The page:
Pediatric surgery on YouTube™: Is the truth out there?

Stephanie K. Bezner, Erica I. Hodgman, Diana L. Diesen, Joshua T. Clayton, Robert K. Minkes, Jacob C. Langer, Li Ern Chen

Research output: Contribution to journalArticlepeer-review

47 Scopus citations


Background/Purpose In 2000, we described the variability of pediatric surgical information on the Internet. Since then, online videos have become an increasingly popular medium for education and personal expression. The purpose of this study was to examine the content and quality of videos related to pediatric surgical diagnoses on the Internet. Methods YouTube™ was searched for videos on gastroschisis, congenital diaphragmatic hernia, pediatric inguinal hernia, and pectus excavatum. The first 40 English language videos for each diagnosis were reviewed for owner and audience characteristics, content and quality. Results A small majority of videos were made by medical professionals (50.63%, vs. 41.25% by lay persons and 8.13% by fundraising organizations). Eighty percent of videos were intended for a lay audience. Videos by medical professionals were more accurate and complete than those posted by lay persons. Conclusions The YouTube™ videos varied significantly in content and quality. Videos by lay persons often focused on the emotional aspect of the diagnosis and clinical course. Videos by members of the medical profession tended to be more complete and accurate. These findings underscore the continued need for high quality pediatric surgical information on the Internet for patients and their families.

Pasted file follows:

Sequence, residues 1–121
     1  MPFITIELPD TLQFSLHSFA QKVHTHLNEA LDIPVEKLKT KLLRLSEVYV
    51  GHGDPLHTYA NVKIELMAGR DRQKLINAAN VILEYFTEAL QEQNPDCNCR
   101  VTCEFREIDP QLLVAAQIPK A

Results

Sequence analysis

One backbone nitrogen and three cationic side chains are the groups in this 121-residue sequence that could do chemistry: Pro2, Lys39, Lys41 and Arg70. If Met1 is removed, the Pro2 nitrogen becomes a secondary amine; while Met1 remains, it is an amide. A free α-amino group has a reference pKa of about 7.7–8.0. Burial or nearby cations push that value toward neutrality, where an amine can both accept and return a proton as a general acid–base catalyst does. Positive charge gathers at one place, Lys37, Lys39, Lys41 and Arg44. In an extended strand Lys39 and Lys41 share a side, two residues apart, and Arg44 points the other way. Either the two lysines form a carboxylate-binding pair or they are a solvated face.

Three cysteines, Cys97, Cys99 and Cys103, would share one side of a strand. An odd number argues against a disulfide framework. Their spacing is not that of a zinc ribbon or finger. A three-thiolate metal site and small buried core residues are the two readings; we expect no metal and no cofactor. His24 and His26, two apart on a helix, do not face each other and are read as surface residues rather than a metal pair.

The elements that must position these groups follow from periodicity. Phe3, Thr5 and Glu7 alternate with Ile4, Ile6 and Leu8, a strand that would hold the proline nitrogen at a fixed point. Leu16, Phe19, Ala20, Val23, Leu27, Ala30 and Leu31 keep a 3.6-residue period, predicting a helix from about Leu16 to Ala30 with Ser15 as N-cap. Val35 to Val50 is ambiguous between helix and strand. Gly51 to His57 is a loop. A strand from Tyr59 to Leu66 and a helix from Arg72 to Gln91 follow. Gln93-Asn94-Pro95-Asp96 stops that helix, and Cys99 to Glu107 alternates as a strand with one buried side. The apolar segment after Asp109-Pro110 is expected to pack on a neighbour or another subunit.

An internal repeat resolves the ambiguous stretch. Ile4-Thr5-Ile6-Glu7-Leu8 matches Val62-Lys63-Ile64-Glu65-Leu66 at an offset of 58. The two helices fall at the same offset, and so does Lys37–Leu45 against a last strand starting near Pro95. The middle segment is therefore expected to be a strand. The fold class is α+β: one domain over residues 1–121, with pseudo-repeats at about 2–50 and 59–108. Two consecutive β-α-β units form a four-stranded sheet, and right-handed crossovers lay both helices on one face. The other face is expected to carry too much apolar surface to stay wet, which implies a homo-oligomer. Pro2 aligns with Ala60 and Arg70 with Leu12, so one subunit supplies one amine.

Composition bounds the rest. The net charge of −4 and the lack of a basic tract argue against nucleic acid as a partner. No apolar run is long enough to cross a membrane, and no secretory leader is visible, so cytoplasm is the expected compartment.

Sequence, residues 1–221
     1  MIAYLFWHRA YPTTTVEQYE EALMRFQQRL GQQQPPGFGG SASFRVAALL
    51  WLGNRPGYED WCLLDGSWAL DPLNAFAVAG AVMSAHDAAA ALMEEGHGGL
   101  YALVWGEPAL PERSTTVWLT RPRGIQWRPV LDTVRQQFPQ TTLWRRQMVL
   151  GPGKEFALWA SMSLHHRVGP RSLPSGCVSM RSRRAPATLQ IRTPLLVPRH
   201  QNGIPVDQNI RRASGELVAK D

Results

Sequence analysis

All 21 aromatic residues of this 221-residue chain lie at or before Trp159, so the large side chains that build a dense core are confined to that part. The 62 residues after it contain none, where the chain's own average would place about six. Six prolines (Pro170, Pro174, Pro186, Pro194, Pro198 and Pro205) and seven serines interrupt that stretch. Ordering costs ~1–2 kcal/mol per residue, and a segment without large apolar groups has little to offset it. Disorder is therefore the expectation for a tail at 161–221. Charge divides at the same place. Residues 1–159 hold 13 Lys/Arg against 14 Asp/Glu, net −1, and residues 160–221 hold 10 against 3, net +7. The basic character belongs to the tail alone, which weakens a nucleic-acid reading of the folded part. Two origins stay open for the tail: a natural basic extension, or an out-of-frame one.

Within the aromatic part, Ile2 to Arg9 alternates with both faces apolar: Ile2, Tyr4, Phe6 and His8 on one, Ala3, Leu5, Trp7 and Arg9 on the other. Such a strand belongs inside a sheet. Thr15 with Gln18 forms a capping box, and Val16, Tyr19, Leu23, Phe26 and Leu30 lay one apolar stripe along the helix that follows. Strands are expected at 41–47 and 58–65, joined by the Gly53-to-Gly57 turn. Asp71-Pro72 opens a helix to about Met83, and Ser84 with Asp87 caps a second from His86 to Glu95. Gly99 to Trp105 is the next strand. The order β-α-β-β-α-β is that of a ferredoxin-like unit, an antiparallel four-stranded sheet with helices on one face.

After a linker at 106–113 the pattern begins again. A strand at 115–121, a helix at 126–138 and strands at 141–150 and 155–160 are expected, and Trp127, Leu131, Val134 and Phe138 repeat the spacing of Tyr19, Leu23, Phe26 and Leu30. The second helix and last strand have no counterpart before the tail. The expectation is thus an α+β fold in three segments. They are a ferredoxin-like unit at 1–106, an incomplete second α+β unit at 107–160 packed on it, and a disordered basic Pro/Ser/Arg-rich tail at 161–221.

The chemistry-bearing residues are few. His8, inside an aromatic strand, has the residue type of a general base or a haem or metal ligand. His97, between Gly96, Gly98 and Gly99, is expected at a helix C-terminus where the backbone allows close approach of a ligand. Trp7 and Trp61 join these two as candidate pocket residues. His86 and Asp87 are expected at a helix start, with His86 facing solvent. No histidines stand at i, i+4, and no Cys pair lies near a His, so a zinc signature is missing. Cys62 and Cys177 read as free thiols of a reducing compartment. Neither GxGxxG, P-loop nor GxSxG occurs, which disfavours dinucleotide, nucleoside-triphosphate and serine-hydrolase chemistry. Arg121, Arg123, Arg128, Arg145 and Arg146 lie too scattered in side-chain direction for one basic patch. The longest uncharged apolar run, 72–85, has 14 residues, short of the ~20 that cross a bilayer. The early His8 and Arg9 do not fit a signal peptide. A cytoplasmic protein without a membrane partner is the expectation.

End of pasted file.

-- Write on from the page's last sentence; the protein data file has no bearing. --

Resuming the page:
Original languageEnglish (US)
Pages (from-to)586-589
Number of pages4
JournalJournal of Pediatric Surgery
Issue number4
StatePublished - Apr 2014


  • Internet
  • Pediatric surgery
  • YouTube™

ASJC Scopus subject areas

  • Surgery
  • Pediatrics, Perinatology, and Child Health


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